In Minnesota, a divorce defaults when one spouse refuses or neglects to become legally involved in the process. If he is served with a divorce petition and does nothing, the divorce will eventually default. This generally means that the court will give the spouse who filed for divorce everything she requested. Ignoring divorce papers does not mean the divorce will go away. It usually means the divorce will happen more easily, because one spouse is not involved to contest any of its terms.
Time to Answer
When a spouse is served with divorce papers in Minnesota, those papers include a summons. The summons informs the spouse that he has 30 days to file an answer with the court. An answer is a legal document telling the court whether he agrees or disagrees with the information in his spouse’s petition. It also tells the court what he wants from the divorce; his spouse’s petition tells the court what she wants, such as custody of the children or all the marital property.
Request for Default
When the 30-day period expires, and if the responding spouse has not filed an answer, the petitioning spouse can ask the court to enter a default judgment against him. She can complete a default scheduling request, available on the state’s judicial website or at any county courthouse. She then submits the request to the court, along with a copy of her petition, a proposed judgment of divorce, which would give her everything she requested in her petition, and a short legal brief called "Findings of Fact and Conclusions of Law." This brief summarizes the divorce litigation. In a default situation, it would simply say that she legally served her spouse with a copy of her petition and he did nothing in response. The brief would also state why the court should grant the divorce and give her everything she asked for. This is an easy matter of quoting Minnesota’s divorce default statutes, available online or at a law library.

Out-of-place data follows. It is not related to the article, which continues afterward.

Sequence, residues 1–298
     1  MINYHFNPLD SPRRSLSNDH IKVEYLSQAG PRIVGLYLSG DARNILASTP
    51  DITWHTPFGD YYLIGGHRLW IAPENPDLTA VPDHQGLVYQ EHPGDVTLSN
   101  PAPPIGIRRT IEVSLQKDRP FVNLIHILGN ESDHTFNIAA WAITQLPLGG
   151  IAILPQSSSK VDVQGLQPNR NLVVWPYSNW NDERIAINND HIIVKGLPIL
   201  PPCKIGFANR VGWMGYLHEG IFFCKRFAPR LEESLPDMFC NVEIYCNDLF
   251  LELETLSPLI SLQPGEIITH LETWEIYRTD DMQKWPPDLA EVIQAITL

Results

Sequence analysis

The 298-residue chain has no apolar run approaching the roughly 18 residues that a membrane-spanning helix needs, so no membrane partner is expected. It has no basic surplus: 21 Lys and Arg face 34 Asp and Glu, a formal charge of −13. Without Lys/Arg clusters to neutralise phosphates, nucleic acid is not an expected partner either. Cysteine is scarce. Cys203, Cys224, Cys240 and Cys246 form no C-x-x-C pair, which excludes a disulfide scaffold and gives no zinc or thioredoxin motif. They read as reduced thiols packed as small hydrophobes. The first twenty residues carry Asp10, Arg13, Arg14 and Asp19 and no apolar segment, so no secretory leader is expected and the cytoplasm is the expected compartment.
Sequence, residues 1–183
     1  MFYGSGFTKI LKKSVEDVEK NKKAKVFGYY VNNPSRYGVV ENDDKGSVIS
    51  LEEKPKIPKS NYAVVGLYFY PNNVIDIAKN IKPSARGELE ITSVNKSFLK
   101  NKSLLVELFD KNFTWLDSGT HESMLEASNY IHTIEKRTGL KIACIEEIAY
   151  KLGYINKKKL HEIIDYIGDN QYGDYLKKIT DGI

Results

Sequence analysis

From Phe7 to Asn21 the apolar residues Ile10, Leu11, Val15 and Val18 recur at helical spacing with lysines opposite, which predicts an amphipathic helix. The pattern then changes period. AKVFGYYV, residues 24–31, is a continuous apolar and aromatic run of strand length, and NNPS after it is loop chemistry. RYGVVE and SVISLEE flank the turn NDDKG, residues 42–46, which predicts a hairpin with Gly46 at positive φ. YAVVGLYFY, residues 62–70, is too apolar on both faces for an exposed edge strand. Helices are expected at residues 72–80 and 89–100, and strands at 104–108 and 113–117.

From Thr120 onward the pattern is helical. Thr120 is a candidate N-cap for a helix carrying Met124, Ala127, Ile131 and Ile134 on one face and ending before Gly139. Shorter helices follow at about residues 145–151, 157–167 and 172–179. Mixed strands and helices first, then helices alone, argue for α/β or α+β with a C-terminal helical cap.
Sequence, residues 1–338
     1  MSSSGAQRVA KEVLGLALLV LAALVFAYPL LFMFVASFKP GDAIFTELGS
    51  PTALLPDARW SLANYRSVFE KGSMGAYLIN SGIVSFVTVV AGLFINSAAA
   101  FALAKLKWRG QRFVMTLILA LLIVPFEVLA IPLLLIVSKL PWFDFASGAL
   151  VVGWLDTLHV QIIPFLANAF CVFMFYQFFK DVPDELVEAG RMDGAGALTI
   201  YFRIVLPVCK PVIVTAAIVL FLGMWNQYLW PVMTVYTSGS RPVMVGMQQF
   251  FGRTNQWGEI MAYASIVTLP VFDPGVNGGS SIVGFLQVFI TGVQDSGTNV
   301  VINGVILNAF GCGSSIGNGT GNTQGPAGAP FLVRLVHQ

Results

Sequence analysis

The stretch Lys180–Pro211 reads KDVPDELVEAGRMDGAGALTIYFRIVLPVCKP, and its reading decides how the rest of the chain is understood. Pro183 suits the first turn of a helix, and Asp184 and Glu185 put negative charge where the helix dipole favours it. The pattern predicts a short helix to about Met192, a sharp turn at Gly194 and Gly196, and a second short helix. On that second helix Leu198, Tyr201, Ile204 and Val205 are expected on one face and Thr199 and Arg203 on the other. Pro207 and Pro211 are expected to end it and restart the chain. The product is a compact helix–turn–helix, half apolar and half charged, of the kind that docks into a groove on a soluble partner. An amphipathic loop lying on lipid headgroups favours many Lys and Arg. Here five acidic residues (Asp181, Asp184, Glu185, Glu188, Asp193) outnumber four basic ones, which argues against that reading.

Results of Default
When spouses have no children together, the court will often not even require the petitioning spouse to appear before a judge after submitting her default paperwork. However, if children and custody are involved, she may have to attend a hearing. The judge will ask a few questions. In most cases, he will grant everything the petitioning spouse asks for in her petition. The defending spouse gives up his right to make his own requests when he declines to answer the petition. In rare circumstances where spouses have considerable assets or debts, a judge might grant only the divorce and reserve or delay a decision regarding property or support for a subsequent trial. This would require the filing spouse to reopen the litigation at a later date. She would have to try once again to get her ex-spouse involved by serving him with notice that she’s done so. If he again fails to respond, the court would probably grant her the relief she requested in her initial divorce petition.
If the responding spouse changes his mind about not participating, or if he had a valid reason for not filing an answer, he can petition the court to set aside or vacate his spouse’s default judgment. However, to be successful, he would have to act quickly; the more time that elapses, the less likely it is that a judge will show any sympathy for him.
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